Yet, not all is good. While the concept is fantastic, for most hotels the execution has been dismal. There are two primary problems. First is the shower curtain rod. The physics are different – the rod does not extend simply from point to point. Rather, the arc that the rod travels from wall to wall puts immense pressure on the wall mounts because of the lateral weight of the rod bowing out sideways. Simply stated, the rods in most hotels where I stay are barely hanging on, with screws pulling out of the walls ready for catastrophe. The maintenance folks replaced the new rods with a few screws pushed into the drywall and expected everything to be fine. Don’t be surprised if you have a shower curtain crash around you some morning while in the middle of an otherwise pleasant shower.

The second problem involves the curtain. The rod travels further away from the edge of the tub as it bows out, which requires that the curtain has to travel a further distance to safely drop into the tub, especially in the middle. Those same hotel maintenance folks who mounted the new rods placed them at the same height as the old rods to prevent splash and spray. However, if the hotel purchasing folks did not buy longer curtains when they acquired the new fangled rods, it is likely the old curtains don’t completely reach, or stay neatly tucked into the tub as they encounter a brisk shower spray. I you wake up to dripping from your hotel ceiling it just may be that the guest above you is not paying attention to this curtain deficit while showering.

Ultimately, this all boils down to the challenges of installing new technology onto an old structure. If you do not accommodate the requirements of integrating the old with the new, things may not work out all that well. When I see these new curtain rods in my hotel rooms I cannot help but think of Chatter, the new collaboration tool on the Salesforce.com CRM platform.

Mardi Gator

When a company turns on Chatter (or similar collaboration tools) it is much like installing these new rods - most of the time it involves new technology being placed within an old structure. And similar to the problems introduced by the new rods, Chatter as well does not always work out as intended, especially if the organization does not take appropriate steps to adopt the new technology to the old structure.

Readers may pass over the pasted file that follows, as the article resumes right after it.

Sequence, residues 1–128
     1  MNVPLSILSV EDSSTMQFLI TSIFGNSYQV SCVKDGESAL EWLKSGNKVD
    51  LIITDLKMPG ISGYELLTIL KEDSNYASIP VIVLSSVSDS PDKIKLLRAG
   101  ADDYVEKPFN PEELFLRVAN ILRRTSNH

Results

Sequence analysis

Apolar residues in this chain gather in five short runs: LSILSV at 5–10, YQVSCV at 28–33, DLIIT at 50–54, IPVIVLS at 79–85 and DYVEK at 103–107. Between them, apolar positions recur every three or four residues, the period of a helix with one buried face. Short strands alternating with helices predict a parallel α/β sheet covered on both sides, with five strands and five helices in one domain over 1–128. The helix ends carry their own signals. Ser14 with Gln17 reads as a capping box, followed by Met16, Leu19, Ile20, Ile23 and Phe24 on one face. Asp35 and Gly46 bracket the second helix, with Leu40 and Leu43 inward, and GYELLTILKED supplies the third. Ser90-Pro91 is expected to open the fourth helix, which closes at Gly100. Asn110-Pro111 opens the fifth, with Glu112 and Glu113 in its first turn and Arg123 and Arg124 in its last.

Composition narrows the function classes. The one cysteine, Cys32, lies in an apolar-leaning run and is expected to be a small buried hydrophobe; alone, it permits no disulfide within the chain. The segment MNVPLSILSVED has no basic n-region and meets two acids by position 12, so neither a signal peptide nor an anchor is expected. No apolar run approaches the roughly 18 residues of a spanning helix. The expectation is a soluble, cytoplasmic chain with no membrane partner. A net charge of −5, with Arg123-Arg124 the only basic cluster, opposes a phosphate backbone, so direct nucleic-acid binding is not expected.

One of the big misconceptions surrounding the use of Chatter is with regard to the belief that all you have to do is turn it on and everyone will flock toward utilization with wonton abandon. This could not be further from reality. Yes, over the last decade, the general population has embraced many collaboration sites in the social ether-sphere. But this has been accomplished through the process of naturally affinity – people group together over common interests. Unless you form similar interest groups that fit your business users, your Chatter application will not be viewed by most users as useful or beneficial. This is like mounting the rod to the wall without taking into account the change in physics. You need to assemble it with the correct hardware, which in this case means that you need to introduce Chatter with the correct connections built in. You need to form groups from the start, such as customer accounts, target opportunities, or priority service cases. This leverages the natural affinity around which your people collaborate, and serves as a tool for easier collaboration, which drives utilization.

Additionally, the build-it-and-they-will-come mentality also leads to dissatisfaction because it assumes that people will not need attention for the proper use of Chatter. Yes, it is simple and intuitive, not something that one might expect will require a whole bunch of instruction. But, it does require direction. It requires expectations to be set uniformly. For example, if 75% of those who need to collaborate on a topic or issue use the tool, but 25% don’t, this will lead to 25% of the problem or task unsolved. Expectations for use need to be set, communicated, and reinforced with frequency. It cannot be a casual thing if you want success. This is a change after all, and, similar to the length of the shower curtain, if we do not make changes to the existing process, things will come up short.

The bottom line is that you cannot just turn on Chatter and expect great things. It requires a certain amount of intervention to get right – it needs to be properly connected to the old structure. It is worth the little bit of effort required, because the results can be powerful.

I truly like having the extra space in the shower these new rods provide, but I am keeping my fingers crossed that I am not the one who pulls back the curtain and ends up with a curved rod at my feet.